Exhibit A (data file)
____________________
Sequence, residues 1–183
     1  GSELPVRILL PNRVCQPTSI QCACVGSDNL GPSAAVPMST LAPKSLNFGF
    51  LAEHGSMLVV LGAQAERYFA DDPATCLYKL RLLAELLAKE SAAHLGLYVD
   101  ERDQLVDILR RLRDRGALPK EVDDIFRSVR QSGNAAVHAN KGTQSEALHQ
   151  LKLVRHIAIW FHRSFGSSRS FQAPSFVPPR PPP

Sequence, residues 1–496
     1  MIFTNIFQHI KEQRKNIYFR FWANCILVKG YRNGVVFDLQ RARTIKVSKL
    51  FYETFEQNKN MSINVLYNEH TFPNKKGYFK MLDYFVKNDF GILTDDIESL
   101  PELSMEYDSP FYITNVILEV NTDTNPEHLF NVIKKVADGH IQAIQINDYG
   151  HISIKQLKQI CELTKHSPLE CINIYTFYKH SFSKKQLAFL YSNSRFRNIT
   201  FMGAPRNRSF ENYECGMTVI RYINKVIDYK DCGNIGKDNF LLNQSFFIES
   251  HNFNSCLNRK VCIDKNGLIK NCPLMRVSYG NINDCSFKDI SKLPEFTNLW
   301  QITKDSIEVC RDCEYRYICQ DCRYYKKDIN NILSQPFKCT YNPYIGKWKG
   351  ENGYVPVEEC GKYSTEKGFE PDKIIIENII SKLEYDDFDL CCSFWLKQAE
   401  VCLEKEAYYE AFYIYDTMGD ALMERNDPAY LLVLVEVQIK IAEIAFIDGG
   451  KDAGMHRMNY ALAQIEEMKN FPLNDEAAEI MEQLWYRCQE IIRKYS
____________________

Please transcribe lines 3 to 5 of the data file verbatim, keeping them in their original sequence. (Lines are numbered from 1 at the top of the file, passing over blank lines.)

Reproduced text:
    51  LAEHGSMLVV LGAQAERYFA DDPATCLYKL RLLAELLAKE SAAHLGLYVD
   101  ERDQLVDILR RLRDRGALPK EVDDIFRSVR QSGNAAVHAN KGTQSEALHQ
   151  LKLVRHIAIW FHRSFGSSRS FQAPSFVPPR PPP